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Nepal: Rehabilitating Ex-combatants Key Priority

Rehabilitating ex-combatants most immediate challenge for Nepal – Ban

1 November 2008 – Secretary-General Ban Ki-moon on Saturday urged Nepal’s leaders to forge ahead with rehabilitating thousands of Maoist ex-fighters as part of the ongoing peace process, as he wrapped up his visit to the South Asian nation.

“The most immediate challenge ahead is to integrate and rehabilitate the Maoist combatants,” Mr. Ban toldreporters in the capital, Kathmandu.

He welcomed the recent establishment of a special committee to supervise, integrate and rehabilitate Maoist army combatants, and urged the new body to begin its work as soon as possible. He also called on the Government to move quickly on the formal discharge of minors and disqualified combatants.

Since the signing of the 2006 peace accord that ending the country’s decade-long civil war that claimed an estimated 13,000 lives, Maoist army personnel and weapons have been contained in cantonment sites under monitoring by the UN Mission in Nepal (UNMIN), which was set up in January 2007 to assist with the peace process.

The Mission also played a crucial role in supporting the April election of the Constituent Assembly, which is tasked with drafting the country’s new constitution.

“This Assembly is proof of your remarkable progress. Collectively, you have tremendous potential to realize the Nepalese peoples’ hopes for a new and better future,” Mr. Ban said in his address to the Constituent Assembly.

“All of you – and all of the people of Nepal – drove the peace process. The United Nations is proud to be part of this historic change.”

The Secretary-General told the Assembly that the country’s political transformation can and must go hand-in-hand with social and economic transformation. “These are like the two wings of a bird; both are needed for this country to soar.”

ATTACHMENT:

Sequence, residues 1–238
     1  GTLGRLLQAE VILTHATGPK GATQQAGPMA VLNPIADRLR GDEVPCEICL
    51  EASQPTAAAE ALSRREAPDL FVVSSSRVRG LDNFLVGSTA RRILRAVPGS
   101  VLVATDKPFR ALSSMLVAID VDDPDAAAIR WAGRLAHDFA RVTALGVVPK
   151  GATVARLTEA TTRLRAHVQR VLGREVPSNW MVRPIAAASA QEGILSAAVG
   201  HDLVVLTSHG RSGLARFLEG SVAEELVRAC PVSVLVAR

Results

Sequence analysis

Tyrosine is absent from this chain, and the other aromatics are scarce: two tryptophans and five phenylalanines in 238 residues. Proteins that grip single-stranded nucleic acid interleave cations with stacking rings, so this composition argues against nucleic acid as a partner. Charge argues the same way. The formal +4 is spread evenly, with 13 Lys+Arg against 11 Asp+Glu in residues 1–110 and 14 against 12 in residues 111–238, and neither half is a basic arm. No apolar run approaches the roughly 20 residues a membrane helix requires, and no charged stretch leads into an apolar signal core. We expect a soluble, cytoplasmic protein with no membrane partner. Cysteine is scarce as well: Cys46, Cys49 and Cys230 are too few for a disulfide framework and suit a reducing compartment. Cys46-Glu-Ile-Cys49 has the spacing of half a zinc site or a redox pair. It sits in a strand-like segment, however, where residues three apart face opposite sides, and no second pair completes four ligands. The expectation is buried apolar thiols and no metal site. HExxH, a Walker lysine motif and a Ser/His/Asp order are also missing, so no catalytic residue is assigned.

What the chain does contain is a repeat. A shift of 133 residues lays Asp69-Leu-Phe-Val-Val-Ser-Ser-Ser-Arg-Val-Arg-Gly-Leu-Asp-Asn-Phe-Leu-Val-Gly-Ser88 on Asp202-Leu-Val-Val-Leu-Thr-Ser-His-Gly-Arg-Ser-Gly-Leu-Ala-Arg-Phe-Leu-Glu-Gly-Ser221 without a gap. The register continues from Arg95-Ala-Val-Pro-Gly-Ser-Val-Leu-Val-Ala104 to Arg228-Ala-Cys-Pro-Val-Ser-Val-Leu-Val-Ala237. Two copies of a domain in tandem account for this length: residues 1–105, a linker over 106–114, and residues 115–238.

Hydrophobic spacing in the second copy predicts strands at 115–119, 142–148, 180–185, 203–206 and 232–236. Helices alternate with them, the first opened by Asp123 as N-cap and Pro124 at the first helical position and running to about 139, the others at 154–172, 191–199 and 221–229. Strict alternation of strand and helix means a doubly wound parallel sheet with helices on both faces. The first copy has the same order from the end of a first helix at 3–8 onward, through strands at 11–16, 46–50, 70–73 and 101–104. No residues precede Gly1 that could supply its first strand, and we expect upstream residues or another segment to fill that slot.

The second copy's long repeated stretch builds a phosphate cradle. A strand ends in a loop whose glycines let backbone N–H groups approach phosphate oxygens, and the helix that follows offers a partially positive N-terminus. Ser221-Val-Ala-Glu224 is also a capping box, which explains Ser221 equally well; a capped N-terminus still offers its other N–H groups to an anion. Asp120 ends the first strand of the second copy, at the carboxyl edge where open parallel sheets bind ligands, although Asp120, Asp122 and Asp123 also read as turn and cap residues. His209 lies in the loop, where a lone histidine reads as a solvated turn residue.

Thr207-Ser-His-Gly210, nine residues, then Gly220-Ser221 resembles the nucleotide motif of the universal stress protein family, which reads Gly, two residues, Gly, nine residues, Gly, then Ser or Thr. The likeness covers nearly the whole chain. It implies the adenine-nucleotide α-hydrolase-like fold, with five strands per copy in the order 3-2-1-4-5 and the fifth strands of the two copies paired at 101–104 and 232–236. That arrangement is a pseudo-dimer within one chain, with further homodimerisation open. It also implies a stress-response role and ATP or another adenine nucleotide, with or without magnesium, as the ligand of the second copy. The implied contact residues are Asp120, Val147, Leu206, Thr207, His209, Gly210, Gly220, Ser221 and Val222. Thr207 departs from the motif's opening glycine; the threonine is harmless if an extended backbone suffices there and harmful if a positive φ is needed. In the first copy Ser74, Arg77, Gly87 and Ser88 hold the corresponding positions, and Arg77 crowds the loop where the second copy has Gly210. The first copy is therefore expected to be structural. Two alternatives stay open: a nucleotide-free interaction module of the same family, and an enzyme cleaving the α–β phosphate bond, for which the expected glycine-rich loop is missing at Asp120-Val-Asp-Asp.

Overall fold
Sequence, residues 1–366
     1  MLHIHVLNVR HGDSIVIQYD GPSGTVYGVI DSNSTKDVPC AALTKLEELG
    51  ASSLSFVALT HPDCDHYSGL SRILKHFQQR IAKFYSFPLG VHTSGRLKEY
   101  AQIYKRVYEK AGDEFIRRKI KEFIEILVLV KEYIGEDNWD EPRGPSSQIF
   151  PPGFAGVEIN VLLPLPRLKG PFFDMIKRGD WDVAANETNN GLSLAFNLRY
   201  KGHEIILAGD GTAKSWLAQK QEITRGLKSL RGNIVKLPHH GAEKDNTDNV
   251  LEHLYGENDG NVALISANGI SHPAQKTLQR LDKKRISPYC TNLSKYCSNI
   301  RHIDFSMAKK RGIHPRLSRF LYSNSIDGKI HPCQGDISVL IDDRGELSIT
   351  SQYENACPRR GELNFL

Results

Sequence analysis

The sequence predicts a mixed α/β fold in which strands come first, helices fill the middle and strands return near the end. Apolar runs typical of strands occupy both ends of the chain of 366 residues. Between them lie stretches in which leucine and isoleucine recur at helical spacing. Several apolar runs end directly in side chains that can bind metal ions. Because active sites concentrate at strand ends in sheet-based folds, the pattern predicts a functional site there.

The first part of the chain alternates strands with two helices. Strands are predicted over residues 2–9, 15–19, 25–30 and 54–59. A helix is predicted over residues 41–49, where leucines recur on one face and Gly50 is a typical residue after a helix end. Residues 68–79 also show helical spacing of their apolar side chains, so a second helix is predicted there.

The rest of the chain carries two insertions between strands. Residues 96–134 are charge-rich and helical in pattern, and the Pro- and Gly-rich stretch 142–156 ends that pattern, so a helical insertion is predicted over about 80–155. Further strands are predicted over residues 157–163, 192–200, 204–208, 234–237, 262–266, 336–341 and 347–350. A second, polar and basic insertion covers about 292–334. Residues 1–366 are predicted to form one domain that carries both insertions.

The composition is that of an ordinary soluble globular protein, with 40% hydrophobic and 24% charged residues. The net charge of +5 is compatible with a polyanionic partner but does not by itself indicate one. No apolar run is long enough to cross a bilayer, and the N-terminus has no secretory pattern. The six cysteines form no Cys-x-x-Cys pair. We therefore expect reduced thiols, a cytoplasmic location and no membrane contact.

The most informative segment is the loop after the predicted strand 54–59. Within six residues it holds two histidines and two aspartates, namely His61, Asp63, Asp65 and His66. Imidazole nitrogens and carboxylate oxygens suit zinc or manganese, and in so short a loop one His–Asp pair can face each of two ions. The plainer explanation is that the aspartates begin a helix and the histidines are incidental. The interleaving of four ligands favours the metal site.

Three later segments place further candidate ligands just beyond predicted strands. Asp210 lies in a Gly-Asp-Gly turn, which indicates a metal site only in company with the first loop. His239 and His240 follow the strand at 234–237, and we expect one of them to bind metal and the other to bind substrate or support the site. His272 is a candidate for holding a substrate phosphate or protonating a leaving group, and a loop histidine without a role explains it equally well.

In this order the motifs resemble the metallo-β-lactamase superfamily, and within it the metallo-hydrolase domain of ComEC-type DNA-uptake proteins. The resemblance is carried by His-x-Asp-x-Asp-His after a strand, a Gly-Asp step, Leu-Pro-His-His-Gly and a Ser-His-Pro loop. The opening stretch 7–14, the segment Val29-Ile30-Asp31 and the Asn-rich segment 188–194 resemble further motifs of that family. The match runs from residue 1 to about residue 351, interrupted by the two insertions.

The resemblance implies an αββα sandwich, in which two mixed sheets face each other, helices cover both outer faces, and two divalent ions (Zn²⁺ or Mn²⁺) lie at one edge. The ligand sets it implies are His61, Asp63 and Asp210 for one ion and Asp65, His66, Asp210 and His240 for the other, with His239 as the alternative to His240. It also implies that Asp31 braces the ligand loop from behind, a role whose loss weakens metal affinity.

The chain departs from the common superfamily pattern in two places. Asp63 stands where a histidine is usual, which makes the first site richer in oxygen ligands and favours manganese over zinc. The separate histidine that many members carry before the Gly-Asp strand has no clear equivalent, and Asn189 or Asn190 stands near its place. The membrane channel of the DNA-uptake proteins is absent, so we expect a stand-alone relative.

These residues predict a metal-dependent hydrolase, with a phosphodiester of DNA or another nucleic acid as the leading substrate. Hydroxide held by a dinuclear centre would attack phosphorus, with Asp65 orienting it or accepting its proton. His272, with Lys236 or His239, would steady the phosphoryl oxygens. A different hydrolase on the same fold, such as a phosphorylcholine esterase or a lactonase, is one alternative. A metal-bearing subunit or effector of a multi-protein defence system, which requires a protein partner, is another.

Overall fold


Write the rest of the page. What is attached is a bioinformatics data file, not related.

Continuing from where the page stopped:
He called on all parties in the coalition Government to maintain cohesion while continuing to work with parties outside the Government in a spirit of cooperation. At the same time, all parties to the peace agreement must honour their commitments, and respect the rules of democratic government and human rights.

Mr. Ban also lauded the role Nepal has played in UN peacekeeping over the past 50 years, noting that it has contributed 60,000 blue helmets to some 40 peacekeeping missions, and it is currently the world’s fifth largest contributor of troops and police.

While in Kathmandu, the Secretary-General met with top Nepalese officials, including President Ram Baran Yadav, Foreign Minister Upendra Yadav and former Prime Minister Girija Prasad Koirala.

Among the issues he discussed with the leaders was the future role of UNMIN, whose current mandate runs until January 2009. “I believe that, for a certain period of time, the UN will have to continue to assist the peace process of Nepal, for peace and stability and the democratization process, as well as development projects in Nepal,” he told reporters.

Before departing Nepal, Mr. Ban flew to Lumbini, the birthplace of Buddha. The site, located in the foothills of the Himalayas in the district of Kapilavastu, was declared a World Heritage Site by the UN Educational, Scientific and Cultural Organization (UNESCO) in 1997.

While at the site, Mr. Ban voiced the hope that everyone can learn from the Buddha’s teachings and philosophy and “lead by example in our common efforts to bring peace, stability and harmony, and reconciliation and friendship among peoples of different beliefs, different religions and different cultures.”

The Secretary-General is now in Bangladesh, the final stop on a four-nation Asia trip that also took the UN chief to the Philippines and India.

ENDS

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